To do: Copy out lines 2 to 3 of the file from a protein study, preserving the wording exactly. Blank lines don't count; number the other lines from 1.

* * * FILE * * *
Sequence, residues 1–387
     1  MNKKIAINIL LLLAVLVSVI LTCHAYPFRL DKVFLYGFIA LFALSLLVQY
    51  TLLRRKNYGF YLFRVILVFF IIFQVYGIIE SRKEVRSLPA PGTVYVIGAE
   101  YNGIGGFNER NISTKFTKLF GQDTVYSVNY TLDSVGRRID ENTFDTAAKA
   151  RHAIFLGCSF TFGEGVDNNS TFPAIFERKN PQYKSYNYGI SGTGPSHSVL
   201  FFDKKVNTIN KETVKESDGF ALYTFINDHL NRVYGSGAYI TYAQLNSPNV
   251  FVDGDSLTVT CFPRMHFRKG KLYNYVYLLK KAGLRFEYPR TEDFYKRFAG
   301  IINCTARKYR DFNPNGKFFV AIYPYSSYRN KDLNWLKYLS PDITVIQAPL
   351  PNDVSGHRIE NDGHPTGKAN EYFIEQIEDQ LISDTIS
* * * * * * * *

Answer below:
     1  MNKKIAINIL LLLAVLVSVI LTCHAYPFRL DKVFLYGFIA LFALSLLVQY
    51  TLLRRKNYGF YLFRVILVFF IIFQVYGIIE SRKEVRSLPA PGTVYVIGAE